The feedback-loops between gender identity, real life experiences, cultural concepts, genes and hormones are complex and messy, but there is a growing consensus among scientists that hormones do play a role in the creation of transgender identities.
The main focus is on the pre-natal period, when that person is still in its mother’s womb, being exposed to hormones aimed at triggering the development of gender specific organs and a gender identity.
Mapping the genes of trans women
In a paper called “Genetic Link Between Gender Dysphoria and Sex Hormone Signaling” Madeleine Foreman, Lauren Hare, Kate York, Kara Balakrishnan, Francisco J Sánchez, Fintan Harte, Jaco Erasmus, Eric Vilain and Vincent R Harley reports on a research project including 380 transgender women who have transitioned and 344 control male subjects.
They have looked at associations and interactions between variants of 12 sex hormone–signaling genes and gender dysphoria in transgender women.
These are genes that are involved in the production of hormones or the body’s ability to “read” and act on these hormones. They may be responsible for undermasculinization and/or feminization of the brain.
As far as the repetition of genes go, they do not find much of a difference between trans and cis respondents. Nor did they find any significant variation in one-letter differences between the genes of those trans and those not trans.
The main difference is found in the way genes interact. Some gene combinations seem to increase the chances of being transgender. One gene may affect the effect of another gene, which again may lead to a "feminization" of the brain.
To give one example of how one such gene may affect gender identity development:
“The minor, C allele of SULT2A1 is associated with elevated sex hormone–binding globulin, a glycoprotein that regulates circulatory sex steroid bioavailability and is present within fetal male blood during early gestation. In transgender women with the TC SNP, we speculate that fetal sex hormone–binding globulin levels are increased, which may reduce the effects of circulating hormones.”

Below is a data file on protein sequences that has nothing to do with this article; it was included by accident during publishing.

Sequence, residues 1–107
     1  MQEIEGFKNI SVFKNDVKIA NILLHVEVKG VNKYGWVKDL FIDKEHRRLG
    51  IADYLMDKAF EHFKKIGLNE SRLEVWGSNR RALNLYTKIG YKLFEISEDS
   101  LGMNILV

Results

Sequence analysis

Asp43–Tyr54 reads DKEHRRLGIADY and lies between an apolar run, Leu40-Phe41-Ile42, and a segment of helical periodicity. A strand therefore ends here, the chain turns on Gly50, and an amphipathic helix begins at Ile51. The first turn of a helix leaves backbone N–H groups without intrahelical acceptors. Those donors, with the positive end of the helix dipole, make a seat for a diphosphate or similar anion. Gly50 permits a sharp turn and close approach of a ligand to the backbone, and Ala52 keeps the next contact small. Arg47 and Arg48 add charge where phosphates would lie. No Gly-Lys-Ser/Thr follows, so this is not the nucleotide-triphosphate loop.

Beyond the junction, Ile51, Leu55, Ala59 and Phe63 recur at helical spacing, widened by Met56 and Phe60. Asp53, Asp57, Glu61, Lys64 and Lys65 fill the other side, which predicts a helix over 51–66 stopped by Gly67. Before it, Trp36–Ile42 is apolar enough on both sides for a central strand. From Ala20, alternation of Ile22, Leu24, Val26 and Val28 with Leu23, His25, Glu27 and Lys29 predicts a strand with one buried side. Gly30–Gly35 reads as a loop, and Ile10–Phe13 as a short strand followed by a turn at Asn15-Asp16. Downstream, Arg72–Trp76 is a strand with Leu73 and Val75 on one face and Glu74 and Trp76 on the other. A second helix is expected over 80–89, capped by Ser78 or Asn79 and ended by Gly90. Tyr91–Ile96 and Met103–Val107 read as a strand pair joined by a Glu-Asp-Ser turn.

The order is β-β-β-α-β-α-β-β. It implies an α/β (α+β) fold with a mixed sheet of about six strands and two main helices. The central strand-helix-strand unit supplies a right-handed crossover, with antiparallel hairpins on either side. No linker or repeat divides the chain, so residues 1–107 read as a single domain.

Words of warning
There is a tendency towards oversimplifying stories like these. No doubt we will find statements like “scientists find the transgender gene!”
This is not the case. Keep the following in mind:
- They are looking at a large number of genes, which may (or may not) cause the development of gender dysphoria.
- They are looking into the interaction between genes, in the sense that you may need two or more to develop gender dysphoria.
- Researchers will also have to look at epigenetics, i.e. to what extent such genes are activated due to other causes.
- They are looking at statistical aggregates. Not all of the transgender women have one or all of these gene variations. Moreover, some of the cis men may have some of them.
- They are deliberately looking at a sample of Caucasian subjects (in order to reduce the number of variables).
In summary, the results of our study of transgender women support the hypothesis that gender dysphoria has a polygenic basis, involving interactions among multiple genes and polymorphisms that may alter the sexual differentiation of the brain in utero, contributing to the development of gender dysphoria in transgender women.backstrokerjc has translated the paper into Plain English over at reddit.
However, although discordance rates for gender dysphoria suggest that genetics plays a role, it is not the sole determinant of gender identity. Genome-wide association studies, and genome and methylome approaches, especially when coupled with neuroimaging or sex steroid measurements, should be undertaken to better understand how genetic variants contribute to gender dysphoria.
(A variant of this post was originally published over at Trans Express).
Photos: Deagreez and Tetiana Lazunova
Photos: Deagreez and Tetiana Lazunova